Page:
|TABLE Z-1 Limits for Air Contaminants – Standard Nr. 1910.1000||Click here|
|Air contaminants – Standard Nr. 1910.1000||Click here|
|OSHA Occupational Chemical Database – Report Page||Click here|
|Pocket Guide to Chemical Hazards||Click here|
|Immediately Dangerous To Life or Health (IDLH) Values||Click here|
|International Chemical Safety Cards||Click here|
|Madrid Declaration of Ozone Therapy||Click here|
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OSHA – Occupational Safety and Health Administration
NIOSH – National Institute for Occupational Safety and Health
EPA – Environmental Protection Agency
ACGIH® – American Conference of Governmental Industrial Hygienists
ISCO3 – International Scientific Committee of Ozone Therapy
Ozone in the air is regulated by OSHA (Occupational Safety and Health Administration) and EPA (Environmental Protection Agency). There are also some recommendations from ACIGH (American Conference of Governmental Industrial Hygienists) and NIOSH (National Institute for Occupational Safety and Health). Here you can find some basics from each.
OSHA (Occupational Safety and Health Administration)
OSHA requirements are set by statute, standards and regulations. OSHA requires that if you are generating ozone, you should measure the ozone levels for safety purposes.
|Guidelines for Ozone in the workplace|
|0.3 ppm for no more than 15 minute exposure|
|0.2 ppm for no more than 2 hours exposure|
|0.1 ppm for 8 hours per day exposure doing light work|
|0.08 ppm for 8 hours per day exposure doing moderate work|
|0.05 ppm for 8 hours per day exposure doing heavy work|
OSHA (1982) has established the Federal Standard for O3 in the workplace based on time-weighted averages (0.1ppm for 8 hours per day exposure).
For more information about ozone safety, click here.
NIOSH (National Institute for Occupational Safety and Health)
NIOSH establishes standards and recommendations (not enforceable under US law) for health and safety standards that may influence future laws and OSHA regulations.
The NIOSH recommended exposure limit for ozone is 0.1 ppm (0.2 mg/m3). According to NIOSH, Ozone levels of 5 ppm or higher are considered immediately dangerous to life or health.
Respiratory Recommendations NIOSH/OSHA
|UP TO 1 ppm|
|APF =10||Any chemical cartridge respirator with cartridge(s) providing protection against the compound of concern|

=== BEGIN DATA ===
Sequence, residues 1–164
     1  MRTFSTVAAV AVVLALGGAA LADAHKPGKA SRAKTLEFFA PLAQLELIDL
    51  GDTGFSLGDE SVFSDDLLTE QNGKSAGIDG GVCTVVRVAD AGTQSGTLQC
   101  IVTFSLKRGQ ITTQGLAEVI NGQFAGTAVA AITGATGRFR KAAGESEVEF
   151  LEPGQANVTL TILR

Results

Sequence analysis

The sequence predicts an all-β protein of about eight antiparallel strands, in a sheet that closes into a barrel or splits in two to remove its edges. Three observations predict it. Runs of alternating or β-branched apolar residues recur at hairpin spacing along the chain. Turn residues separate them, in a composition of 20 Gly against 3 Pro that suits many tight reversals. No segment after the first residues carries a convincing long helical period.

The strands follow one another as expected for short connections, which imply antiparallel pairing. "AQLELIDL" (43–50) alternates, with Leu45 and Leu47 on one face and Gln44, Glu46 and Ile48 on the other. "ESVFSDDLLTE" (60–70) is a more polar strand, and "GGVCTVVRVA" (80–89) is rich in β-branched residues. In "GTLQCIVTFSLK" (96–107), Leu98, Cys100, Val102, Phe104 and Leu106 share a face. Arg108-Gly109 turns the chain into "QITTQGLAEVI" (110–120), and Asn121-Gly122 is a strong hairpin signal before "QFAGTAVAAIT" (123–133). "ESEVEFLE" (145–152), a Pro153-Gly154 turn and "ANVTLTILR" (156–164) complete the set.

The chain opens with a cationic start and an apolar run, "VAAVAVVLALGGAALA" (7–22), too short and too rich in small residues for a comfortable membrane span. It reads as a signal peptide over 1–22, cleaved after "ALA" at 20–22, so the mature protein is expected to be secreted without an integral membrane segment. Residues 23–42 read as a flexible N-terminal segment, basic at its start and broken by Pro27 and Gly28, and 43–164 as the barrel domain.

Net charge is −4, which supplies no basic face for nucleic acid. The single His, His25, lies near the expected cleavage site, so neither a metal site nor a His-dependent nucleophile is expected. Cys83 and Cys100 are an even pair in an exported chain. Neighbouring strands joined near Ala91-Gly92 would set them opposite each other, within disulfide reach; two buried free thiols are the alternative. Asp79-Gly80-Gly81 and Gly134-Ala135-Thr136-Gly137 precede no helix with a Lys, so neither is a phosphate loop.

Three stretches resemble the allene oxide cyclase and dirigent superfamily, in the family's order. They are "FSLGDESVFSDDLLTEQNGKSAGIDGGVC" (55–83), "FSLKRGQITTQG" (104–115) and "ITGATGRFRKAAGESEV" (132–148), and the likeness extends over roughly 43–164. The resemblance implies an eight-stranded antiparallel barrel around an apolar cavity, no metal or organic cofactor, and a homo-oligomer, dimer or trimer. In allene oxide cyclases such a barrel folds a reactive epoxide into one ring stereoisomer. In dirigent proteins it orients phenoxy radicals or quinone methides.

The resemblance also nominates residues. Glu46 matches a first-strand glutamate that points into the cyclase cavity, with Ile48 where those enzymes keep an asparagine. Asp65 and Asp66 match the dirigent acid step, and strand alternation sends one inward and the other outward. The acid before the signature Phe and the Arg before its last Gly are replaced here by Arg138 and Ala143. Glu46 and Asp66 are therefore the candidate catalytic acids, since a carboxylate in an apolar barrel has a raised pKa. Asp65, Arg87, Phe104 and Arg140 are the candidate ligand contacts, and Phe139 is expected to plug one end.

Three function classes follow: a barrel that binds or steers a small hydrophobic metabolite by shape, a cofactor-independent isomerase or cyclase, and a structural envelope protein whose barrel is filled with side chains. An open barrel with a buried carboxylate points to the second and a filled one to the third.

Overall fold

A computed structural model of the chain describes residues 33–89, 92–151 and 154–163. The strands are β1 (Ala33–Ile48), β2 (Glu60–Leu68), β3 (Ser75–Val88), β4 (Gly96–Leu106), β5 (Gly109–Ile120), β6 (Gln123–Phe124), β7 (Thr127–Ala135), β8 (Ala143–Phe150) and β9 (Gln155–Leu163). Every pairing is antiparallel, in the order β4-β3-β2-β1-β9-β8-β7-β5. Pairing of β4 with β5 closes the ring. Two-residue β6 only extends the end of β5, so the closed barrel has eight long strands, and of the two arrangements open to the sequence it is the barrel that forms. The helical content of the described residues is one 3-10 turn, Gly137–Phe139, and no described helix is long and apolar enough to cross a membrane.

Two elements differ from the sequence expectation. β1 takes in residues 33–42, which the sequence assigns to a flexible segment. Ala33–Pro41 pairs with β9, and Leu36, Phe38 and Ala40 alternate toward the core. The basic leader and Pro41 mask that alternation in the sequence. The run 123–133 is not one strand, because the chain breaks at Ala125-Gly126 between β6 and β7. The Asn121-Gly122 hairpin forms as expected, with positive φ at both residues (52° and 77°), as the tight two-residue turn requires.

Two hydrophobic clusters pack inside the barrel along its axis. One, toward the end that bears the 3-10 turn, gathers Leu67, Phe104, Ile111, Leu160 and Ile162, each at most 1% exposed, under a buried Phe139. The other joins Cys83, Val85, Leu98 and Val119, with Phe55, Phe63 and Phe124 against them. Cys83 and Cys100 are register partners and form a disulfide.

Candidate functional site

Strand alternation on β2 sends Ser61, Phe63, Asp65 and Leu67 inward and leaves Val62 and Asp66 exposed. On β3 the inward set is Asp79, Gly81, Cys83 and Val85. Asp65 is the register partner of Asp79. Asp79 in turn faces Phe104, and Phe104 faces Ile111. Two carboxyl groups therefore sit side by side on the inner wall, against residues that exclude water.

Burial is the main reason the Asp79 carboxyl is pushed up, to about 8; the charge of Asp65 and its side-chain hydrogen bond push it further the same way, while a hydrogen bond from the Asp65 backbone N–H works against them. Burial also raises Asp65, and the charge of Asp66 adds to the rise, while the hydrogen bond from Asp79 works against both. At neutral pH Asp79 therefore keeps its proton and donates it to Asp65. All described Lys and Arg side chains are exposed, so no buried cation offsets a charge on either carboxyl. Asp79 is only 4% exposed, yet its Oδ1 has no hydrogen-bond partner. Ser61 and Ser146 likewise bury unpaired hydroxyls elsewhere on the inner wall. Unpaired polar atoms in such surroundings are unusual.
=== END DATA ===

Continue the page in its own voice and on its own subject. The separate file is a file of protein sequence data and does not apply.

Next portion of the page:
|APF =10||Any supplied-air respirator|
|UP TO 2.5 ppm|
|APF =25||Any supplied-air respirator operated in a continuous-flow mode|
|APF =25||Any powered, air-purifying respirator with cartridge(s) providing protection against the compound of concern|
|UP TO 5 ppm|
|APF =50||Any chemical cartridge respirator with a full facepiece and cartridge(s) providing protection against the compound of concern|
|APF =50||Any air-purifying, full-facepiece respirator (gas mask) with a chin-style, front- or back-mounted canister providing protection against the compound of concern|
|APF =50||Any supplied-air respirator that has a tight-fitting facepiece and is operated in a continuous-flow mode|
|APF =50||Any self-contained breathing apparatus with a full facepiece|
|APF =50||Any supplied-air respirator with a full facepiece|
|Emergency or planned entry into unknown concentrations|
|APF =10.000||Any self-contained breathing apparatus that has a full facepiece and is operated in a pressure-demand or other positive-pressure mode|
|APF =10.000||Any supplied-air respirator that has a full facepiece and is operated in a pressure-demand or other positive-pressure mode in combination with an auxiliary self-contained positive-pressure breathing apparatus|
For more information about NIOSH, click here.
EPA (Environmental Protection Agency)
The EPA Green Book provides detailed information about area NAAQS (National Ambient Air Quality Standards) designations, classifications and nonattainment status.
The EPA measures, track, report and regulates ground level ambient ozone levels in large cities throughout the United States. The European Network of the Heads of Environment Protection Agencies (EPA Network) is an informal grouping bringing together the heads of environment protection agencies and similar bodies across Europe.
|8-hour limit = 0.08 ppm|
|1-hour limit = 0.12 ppm|
8-Hour Ozone Classifications (according with EPA 2015 Standard)
|Extreme||Area has a design value of 0.163 ppm and above|
|Severe 17||Area has a design value of 0.111 up to but not including 0.163 ppm|
|Severe 15||Area has a design value of 0.105 up to but not including 0.111 ppm|
|Serious||Area has a design value of 0.093 up to but not including 0.105 ppm|
|Moderate||Area has a design value of 0.081 up to but not including 0.093 ppm|
|Marginal||Area has a design value of 0.071 up to but not including 0.081 ppm|
For more information about EPA ozone safety, click here.
ACGIH® (American Conference of Governmental Industrial Hygienists)
ACGIH® is a charitable scientific organization that advances occupational and environmental health and is dedicated to study of the industrial hygiene and occupational and environmental health and safety communities.
According to ACGIH (1979), the TLV-TWA (Threshold Limit Value–Time-Weighted Average) for ozone is 0.1 ppm and the TLV-STEL (Threshold Limit Value–Short-Term Exposure Limit) is 0.3 ppm. The TLV-TWA for ozone was revised downward from an original recommendation of 1 ppm.
Ozone exposure limits for 8-Hour workshift (according with ACGIH)
|0.05 ppm||Heavy Work|
|0.08 ppm||Moderate Work|
|0.1 ppm||Light Work|
|0.2 ppm||Workloads <2 hours|
|0.3 ppm||Workloads <15 minutes|